A team of scientists will collect millions of gametes released in a synchronized way by corals in the Great Barrier Reef, in northeastern Australia, and disseminate them in damaged areas, academic sources reported today.
The project aims to restore the reproductive cycle of corals and increase the populations of the damaged reefs of Vlasoff and Arlington, off the coast of the city of Cairns, according to a statement from James Cook University (JCU).
"This is the first time that the entire large-scale larval breeding and settlement process will be done directly on the Great Barrier Reef," project leader Peter Harrison said in the statement.
In the initiative, the male and female gametes that join and form the coral larvae will be collected to subsequently release these new organisms in the most degraded parts in the northern part of the Great Barrier Reef, which has been badly damaged by the consecutive bleaching of 2016 and 2017.
The collection will be done next weekend coinciding with the massive and synchronized release of gametes in the Great Barrier Reef, a reproductive phenomenon that usually occurs on full moon nights between the months of October and November.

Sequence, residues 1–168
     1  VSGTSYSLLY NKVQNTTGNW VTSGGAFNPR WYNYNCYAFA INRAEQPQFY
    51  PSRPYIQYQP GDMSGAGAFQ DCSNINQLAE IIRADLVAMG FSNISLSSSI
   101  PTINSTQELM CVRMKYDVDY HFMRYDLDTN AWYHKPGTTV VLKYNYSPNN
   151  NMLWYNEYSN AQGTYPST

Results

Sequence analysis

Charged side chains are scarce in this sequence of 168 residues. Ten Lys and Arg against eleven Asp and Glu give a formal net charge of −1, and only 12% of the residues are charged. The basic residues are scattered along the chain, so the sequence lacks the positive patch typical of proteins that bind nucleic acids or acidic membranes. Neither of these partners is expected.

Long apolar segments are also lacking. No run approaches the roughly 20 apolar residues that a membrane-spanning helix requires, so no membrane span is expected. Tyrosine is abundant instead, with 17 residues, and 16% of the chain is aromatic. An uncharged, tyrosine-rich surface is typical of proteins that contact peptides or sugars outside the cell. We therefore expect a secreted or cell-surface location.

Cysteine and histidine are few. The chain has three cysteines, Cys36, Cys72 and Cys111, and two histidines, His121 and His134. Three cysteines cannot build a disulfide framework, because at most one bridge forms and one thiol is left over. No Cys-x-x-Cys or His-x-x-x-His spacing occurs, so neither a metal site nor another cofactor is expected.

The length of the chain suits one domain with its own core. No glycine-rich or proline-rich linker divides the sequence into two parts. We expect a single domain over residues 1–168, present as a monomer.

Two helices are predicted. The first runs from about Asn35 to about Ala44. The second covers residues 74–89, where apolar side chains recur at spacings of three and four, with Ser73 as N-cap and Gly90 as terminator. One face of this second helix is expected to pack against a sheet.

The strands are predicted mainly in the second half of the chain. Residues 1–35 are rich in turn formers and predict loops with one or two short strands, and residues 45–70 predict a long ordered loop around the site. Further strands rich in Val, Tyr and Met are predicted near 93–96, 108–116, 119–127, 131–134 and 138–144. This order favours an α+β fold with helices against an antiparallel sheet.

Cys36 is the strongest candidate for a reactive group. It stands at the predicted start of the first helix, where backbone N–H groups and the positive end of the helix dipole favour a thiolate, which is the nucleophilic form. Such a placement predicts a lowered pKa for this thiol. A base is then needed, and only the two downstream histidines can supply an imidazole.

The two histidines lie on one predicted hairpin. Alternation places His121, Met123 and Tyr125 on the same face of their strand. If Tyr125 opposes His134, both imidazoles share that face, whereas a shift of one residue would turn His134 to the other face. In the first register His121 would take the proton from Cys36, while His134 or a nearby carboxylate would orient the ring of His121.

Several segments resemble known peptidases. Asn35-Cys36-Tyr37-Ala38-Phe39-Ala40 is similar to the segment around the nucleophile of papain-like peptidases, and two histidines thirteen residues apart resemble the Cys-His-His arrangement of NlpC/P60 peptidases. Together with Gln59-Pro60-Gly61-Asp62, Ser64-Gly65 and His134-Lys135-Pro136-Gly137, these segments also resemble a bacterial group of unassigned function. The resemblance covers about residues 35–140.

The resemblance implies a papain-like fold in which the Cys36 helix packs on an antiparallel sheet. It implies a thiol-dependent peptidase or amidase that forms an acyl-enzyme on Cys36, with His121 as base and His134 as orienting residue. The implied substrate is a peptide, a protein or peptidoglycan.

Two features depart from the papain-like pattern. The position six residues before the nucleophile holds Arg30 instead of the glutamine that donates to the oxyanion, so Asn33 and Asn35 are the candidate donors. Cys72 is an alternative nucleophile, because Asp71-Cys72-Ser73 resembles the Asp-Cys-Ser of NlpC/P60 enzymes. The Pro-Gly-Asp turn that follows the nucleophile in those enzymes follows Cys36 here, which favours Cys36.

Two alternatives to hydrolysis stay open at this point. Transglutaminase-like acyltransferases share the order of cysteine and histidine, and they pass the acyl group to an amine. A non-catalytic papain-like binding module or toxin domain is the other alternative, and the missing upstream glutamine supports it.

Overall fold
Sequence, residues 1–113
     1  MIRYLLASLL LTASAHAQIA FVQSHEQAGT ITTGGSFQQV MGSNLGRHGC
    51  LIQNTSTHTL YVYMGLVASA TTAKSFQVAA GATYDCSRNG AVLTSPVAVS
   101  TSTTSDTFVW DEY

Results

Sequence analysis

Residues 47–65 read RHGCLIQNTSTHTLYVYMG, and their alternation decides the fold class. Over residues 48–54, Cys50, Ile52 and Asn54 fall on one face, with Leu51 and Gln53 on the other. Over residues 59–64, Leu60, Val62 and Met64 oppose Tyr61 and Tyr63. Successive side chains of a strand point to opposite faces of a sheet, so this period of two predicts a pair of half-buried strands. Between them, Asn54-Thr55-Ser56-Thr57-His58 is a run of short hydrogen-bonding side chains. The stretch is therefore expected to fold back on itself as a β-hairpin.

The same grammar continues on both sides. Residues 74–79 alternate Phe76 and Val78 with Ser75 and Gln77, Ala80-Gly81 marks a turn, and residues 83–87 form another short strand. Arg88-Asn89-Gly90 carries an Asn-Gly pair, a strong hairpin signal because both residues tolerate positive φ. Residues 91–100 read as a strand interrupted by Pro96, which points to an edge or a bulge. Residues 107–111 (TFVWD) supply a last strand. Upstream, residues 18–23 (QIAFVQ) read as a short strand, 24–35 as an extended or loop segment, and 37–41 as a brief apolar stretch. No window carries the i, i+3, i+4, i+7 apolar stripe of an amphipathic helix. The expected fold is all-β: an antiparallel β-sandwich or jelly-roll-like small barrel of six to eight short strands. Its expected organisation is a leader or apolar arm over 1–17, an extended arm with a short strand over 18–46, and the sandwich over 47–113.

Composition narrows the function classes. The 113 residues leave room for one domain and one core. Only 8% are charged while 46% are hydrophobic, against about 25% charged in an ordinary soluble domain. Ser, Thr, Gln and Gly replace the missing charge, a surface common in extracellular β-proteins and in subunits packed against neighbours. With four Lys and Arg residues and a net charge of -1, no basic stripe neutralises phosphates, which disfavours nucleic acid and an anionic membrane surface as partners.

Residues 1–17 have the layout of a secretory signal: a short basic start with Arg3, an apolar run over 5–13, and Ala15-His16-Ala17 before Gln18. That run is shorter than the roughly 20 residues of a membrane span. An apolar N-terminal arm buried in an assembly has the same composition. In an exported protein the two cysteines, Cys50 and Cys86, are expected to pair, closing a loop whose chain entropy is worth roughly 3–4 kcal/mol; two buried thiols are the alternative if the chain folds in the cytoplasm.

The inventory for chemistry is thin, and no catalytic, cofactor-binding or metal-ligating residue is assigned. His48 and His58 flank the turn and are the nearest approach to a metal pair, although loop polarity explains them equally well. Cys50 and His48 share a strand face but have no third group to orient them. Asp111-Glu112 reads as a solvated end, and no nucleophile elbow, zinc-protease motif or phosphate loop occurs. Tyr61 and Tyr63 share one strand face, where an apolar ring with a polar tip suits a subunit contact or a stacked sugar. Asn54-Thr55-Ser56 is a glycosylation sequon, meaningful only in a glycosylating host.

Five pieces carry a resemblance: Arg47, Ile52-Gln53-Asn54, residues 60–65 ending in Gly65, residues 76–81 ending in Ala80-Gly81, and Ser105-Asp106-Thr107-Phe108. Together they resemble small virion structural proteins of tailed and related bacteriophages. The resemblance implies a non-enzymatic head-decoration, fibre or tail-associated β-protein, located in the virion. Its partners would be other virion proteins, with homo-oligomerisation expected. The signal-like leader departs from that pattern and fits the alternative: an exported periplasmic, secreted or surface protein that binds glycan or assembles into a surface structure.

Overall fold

The team, made up of several Australian universities and conservation organizations, plans to restore hundreds of square meters of coral, with the hope that this will allow the recovery of several square kilometers of these marine organisms.
Harrison previously managed to restore small-scale corals in the Philippines, and in Heron and the One Tree Islands, in Great Barrier Reef, but this will be the first large-scale attempt.
The Australian scientist clarified that his project "will not save" the Great Barrier Reef, only aims to "buy time for coral populations to survive and evolve until emissions are limited and our climate stabilizes."
"Action against climate change is the only way to ensure that coral reefs can survive in the future," he said.
In July, the Australian Climate Council warned that the Great Barrier Reef could suffer a massive bleaching of its corals every two years starting in 2034 if greenhouse gas pollution rates are maintained.
The Great Barrier Reef, home to 400 types of coral, 1,500 species of fish and 4,000 varieties of mollusks, began to deteriorate in the 1990s due to the double impact of seawater warming and the increase of its acidity due to the greater presence of carbon dioxide in the atmosphere.